Reading Municipal Light Company who gave his views on the subject, after which the Moderator opened the 
floor for discussion and questions. More than an hour was spent on this article, at 9:10 P.M. a standing 
vote was taken. Yes 160 No 35 so voted $150,000. 

ARTICLE 11: (drawn as #9) To see if the Town will vote to raise and appropriate the sum of $5,000 for the 
Wilmington Council for the Arts; or do anything in relation thereto. Finance Committee recommends approval 
of $2,000 for Security System only. 

Motion by Anne Buzzell "I move that the Town vote to raise and appropriate by taxation the sum of $5,000 for 
the use of the Wilmington Council for the Arts for the maintenance of the Arts Center building (old Town 
Hall.) Motion seconded. James Carroll of the Finance Conmittee made a second motion "I move that the 
appropriation for the Wilmington Council for the Arts be amended from $5,000 to $2,000 for a security system 
for FY-1989. Motion seconded. After much discussion Al Fiorenza rose and asked that they vote the $2,000. 
He would donate the other $3,000. needed for their expenses. The second motion was voted, after which the 
voters acknowledged Mr. Fiorenzas' generous offer. So voted $2,000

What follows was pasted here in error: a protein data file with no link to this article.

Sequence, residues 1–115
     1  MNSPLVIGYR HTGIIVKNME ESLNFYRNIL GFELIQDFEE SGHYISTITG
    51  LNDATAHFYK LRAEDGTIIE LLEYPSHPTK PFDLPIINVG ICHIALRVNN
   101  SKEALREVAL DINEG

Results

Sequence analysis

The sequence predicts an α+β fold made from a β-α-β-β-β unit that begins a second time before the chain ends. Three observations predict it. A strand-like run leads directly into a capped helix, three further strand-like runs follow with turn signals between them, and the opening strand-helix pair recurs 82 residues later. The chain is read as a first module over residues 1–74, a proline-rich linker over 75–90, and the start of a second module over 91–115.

ARTICLE 12: (drawn as #6) To see if the Town will vote to amend Chapter 3, Section 16 of the By-Laws of 

the Inhabitants of the Town of Wilmington revised by adding the following: 

"The moratorium provided for above be and hereby is extended until the Annual Town Meeting of April, 
1989 in order to complete the inventory and evaluation of all Town-owned land;" 

or do anything in relation thereto. Finance Committee recommends approval. Planning Board recomnends 

approval. 

Motion by Daniel Ballou, Jr. "Motion read the same as the above article, motion was seconded and so 
voted, unanimously. 



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ARTICLE 13: (drawn as #17) To see if the Town will vote to add to Chapter 5 of the By-Laws of the 

Inhabitants of the Town of Wilmington, revised the following section: 

"Section 38 - Any by-law of the Town of Wilmington, or rule or regulation of its departments, boards, 
commissions and committees, the violation of which is subject to a specific penalty, may, in the 
discretion of the Town Official who is the appropriate enforcing person, be enforced in the method 
provided in Section 21D of Chapter 40 of the Massachusetts General Laws "Non Criminal Disposition of 
Certain Violations". "Enforcing Person" as used in this by-law shall mean the Animal Control Officer, 
Ccmservation Administrator, Director of Public Health, Building Inspector, Plumbing and Gas Inspector, 
Electrical Inspector, any Police Officer, and such other officials as the Board of Selectmen may from